What Does Adverse Selection Mean?

    Adverse Selection Life Insurance: How It Impacts Your Policy

    For an insurance company to accurately determine the risk of insuring an applicant, they must collect as much information as possible – including health history, occupation, and lifestyle habits. If buyers fail to disclose this information to sellers, adverse selection occurs.

    Contrary to popular belief, withholding information in an attempt to secure a cheaper life insurance policy puts you at a disadvantage. In this guide, you'll learn how adverse selection impacts health insurance coverage and what insurance companies are doing to combat it.

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    What Is Adverse Selection?

    Adverse selection refers to one party withholding critical information from another. Professionals also refer to this as asymmetric information or information failure. 

    Both buyers and sellers are affected by adverse selection, as they can’t make informed decisions. For example, a buyer might not disclose their high-risk occupation as a stunt man or racecar driver. Another example might occur if a smoker chooses not to disclose their habit. This puts the insurer at risk of making poor assessments and losing money.

    When an insurance company is exposed to risk because of adverse selection, that’s called a moral hazard. 

    How Adverse Selection Affects Insurance

    An insurance company prices insurance premiums according to an individual's risk factors such as age, gender, health, and occupation. Naturally, higher-risk buyers will pay higher premiums. If people hide a health condition or other essential information, an agent may charge less for insurance coverage because they did not know about the risk. 

    The more people take advantage of adverse selection, the higher the risk of financial loss for the insurance company. As such, some companies will increase insurance rates or limit coverage to account for unknown risks. 

    Aside from higher premiums and reduced coverage, there are other consequences of being dishonest on your application. This includes:

    • Your insurer can legally decide not to distribute claims to your beneficiaries.
    • You can be charged with a misdemeanor or a felony. 

    So, why do people lie? Mostly because insurance can get prohibitively expensive for high-risk individuals, and a majority of Americans without a policy think they can’t afford it

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    How Insurance Companies Protect Against Adverse Selection

    Insurers have many safeguards to combat adverse selection – the underwriting process is one of them. Here’s how companies pinpoint potentially fraudulent applications.

    Application Checks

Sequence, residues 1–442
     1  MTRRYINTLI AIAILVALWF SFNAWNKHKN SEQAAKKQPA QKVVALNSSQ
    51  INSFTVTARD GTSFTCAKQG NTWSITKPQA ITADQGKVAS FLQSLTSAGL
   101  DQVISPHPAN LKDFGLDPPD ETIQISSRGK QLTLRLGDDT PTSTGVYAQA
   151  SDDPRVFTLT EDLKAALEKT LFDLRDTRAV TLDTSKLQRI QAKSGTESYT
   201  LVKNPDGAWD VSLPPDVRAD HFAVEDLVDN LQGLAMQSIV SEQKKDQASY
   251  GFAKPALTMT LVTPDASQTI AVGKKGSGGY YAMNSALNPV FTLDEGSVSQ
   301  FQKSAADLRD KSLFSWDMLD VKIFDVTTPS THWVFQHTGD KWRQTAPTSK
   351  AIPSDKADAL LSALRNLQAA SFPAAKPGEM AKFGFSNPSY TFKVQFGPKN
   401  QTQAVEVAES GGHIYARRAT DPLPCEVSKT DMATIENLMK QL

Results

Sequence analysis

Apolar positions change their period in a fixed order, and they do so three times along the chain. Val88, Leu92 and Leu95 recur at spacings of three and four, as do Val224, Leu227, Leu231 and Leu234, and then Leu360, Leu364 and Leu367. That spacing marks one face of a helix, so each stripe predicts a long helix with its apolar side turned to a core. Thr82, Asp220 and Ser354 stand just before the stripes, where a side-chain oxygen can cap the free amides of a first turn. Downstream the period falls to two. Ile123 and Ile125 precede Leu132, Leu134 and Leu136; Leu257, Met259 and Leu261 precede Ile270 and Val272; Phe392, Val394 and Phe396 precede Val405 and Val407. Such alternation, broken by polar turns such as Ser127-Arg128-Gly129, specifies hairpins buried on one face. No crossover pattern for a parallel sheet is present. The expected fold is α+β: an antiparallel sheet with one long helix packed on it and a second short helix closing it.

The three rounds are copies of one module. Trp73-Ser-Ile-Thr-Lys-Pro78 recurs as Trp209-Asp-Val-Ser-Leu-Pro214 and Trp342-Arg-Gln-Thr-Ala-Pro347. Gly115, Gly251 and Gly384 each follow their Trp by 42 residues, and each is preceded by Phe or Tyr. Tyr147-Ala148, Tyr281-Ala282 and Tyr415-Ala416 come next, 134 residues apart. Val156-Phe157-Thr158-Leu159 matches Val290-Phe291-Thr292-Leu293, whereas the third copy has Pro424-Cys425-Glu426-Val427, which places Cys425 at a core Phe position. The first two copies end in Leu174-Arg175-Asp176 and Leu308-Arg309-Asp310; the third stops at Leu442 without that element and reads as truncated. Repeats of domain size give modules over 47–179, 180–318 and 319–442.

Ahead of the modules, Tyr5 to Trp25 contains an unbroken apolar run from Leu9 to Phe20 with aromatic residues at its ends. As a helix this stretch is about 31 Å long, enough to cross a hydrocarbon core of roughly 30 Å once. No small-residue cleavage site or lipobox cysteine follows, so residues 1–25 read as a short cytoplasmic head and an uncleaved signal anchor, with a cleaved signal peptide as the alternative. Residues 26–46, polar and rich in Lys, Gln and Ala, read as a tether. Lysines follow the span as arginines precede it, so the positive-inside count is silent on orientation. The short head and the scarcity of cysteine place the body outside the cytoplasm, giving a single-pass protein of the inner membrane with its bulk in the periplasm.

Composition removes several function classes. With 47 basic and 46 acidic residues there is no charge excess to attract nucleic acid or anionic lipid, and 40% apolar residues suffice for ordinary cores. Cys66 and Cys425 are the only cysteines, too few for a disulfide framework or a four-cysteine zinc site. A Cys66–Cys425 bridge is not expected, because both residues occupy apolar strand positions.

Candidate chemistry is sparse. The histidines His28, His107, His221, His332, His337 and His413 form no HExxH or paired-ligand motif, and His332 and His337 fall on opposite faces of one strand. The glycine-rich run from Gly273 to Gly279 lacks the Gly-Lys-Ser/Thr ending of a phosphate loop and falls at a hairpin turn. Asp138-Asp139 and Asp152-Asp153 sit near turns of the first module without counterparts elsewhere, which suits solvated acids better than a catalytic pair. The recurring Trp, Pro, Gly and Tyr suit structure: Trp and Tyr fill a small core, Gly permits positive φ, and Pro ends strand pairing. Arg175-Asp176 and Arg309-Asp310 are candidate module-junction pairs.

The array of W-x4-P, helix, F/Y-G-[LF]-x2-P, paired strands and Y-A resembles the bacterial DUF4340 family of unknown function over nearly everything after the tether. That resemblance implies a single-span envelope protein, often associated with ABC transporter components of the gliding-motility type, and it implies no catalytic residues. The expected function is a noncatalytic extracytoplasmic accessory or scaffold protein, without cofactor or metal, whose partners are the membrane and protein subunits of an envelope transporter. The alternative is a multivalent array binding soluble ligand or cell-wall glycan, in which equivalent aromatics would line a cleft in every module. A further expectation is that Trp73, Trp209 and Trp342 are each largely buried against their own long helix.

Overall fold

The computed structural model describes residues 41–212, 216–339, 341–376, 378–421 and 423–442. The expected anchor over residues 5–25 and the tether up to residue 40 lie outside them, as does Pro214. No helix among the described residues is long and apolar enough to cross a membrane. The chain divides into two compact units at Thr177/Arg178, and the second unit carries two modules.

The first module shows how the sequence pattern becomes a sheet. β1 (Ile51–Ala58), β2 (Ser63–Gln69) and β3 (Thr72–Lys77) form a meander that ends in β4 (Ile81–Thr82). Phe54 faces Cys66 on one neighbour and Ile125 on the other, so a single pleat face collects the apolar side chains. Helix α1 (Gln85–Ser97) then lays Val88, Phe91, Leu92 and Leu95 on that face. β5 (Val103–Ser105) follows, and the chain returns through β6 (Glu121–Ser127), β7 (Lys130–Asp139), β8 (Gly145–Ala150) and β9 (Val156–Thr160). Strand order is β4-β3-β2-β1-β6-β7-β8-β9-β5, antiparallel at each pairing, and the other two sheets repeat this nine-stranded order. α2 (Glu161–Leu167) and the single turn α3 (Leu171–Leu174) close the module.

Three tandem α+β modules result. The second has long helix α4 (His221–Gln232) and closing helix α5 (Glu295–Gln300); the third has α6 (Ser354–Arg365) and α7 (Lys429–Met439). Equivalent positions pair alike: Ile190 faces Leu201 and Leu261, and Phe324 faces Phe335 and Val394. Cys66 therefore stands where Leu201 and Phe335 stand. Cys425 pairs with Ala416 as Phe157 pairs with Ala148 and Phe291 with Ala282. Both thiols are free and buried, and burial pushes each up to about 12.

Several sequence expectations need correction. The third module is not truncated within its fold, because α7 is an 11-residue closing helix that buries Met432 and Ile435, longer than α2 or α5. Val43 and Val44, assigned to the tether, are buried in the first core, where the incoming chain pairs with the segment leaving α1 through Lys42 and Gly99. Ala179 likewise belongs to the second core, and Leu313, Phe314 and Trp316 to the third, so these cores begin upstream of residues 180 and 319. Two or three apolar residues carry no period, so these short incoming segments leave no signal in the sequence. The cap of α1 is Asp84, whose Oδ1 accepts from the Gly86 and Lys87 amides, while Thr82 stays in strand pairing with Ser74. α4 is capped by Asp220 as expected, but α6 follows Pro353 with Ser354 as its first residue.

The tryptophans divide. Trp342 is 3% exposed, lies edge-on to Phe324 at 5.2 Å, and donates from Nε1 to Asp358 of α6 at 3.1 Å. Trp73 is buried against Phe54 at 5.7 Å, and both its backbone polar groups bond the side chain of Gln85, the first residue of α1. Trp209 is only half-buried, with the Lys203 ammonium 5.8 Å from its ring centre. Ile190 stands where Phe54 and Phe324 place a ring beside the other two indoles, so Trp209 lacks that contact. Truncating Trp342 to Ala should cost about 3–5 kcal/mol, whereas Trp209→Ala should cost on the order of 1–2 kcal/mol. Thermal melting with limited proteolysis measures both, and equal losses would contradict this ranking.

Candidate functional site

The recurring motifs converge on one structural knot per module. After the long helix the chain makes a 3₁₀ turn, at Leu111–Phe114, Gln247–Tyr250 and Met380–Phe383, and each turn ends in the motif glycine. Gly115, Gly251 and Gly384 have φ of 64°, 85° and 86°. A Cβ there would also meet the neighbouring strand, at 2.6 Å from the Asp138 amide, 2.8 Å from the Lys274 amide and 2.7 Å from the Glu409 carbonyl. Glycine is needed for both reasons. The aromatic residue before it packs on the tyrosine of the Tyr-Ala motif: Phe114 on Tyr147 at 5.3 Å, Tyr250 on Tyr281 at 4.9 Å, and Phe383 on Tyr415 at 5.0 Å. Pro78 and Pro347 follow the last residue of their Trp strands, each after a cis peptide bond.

During the initial insurance application, a person must disclose basic information such as their age, health, and job. While some people think they can get away with omitting information on their application, a health insurance firm may discover this fraud later on. If they do, they may reject your application.

    Your agent may cross-verify your application with other insurers you may have applied to, like your vehicle manufacturer (for car insurance) or bank.

    Medical Exam & History

    Because of how medical underwriting affects premiums, most individuals prefer policies without health exams. In fact, this is a key reason insurance sales have dropped to 50%, compared to 63% of individuals with life insurance in 2010. 

    If you buy a traditional policy for more coverage, your seller will send a healthcare professional to your home or office to complete a medical exam. If you leave any information out of your application, the examiner will catch it during the physical. Even if they don't, they may learn about your health status after contacting your primary care physician and reviewing your prescriptions. 

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    Motor Vehicle Records

    An insurance company may also request your driving record, which includes any previous violations, from the DMV. Again, anything you choose not to disclose with a seller may still be on your DMV record.

    How Insurance Companies Address Adverse Selection

    The insurance industry deals with its fair share of fraud and the occasional moral hazard. To combat adverse selection, companies have to be more robust with their applicant screening process. 

    Many health insurance entities require customers to fill out a highly detailed insurance questionnaire. Through this questionnaire, insurers can accurately price an insurance policy and prevent loss.

    Health insurance companies must also accurately verify details disclosed by customers. They do this by contacting your primary care physician, employer, or other insurance agents. Finally, firms may place caps on coverage to minimize financial damage.

    In Conclusion

    Unfortunately, when it comes to life insurance, the adverse selection remains rampant. When in doubt, just remember that honesty is the best policy. 

    An insurance company likely has the resources to investigate inconsistencies and identify fraudulent applications. If you are caught in a lie, you run the risk of losing your coverage entirely.

    If you want to learn more about adverse selection and the policy application process, check out the helpful resources on this website. We publish valuable content about the best insurance practices and how you can secure the policy that best suits your needs.

    Written By Cameron McDowell
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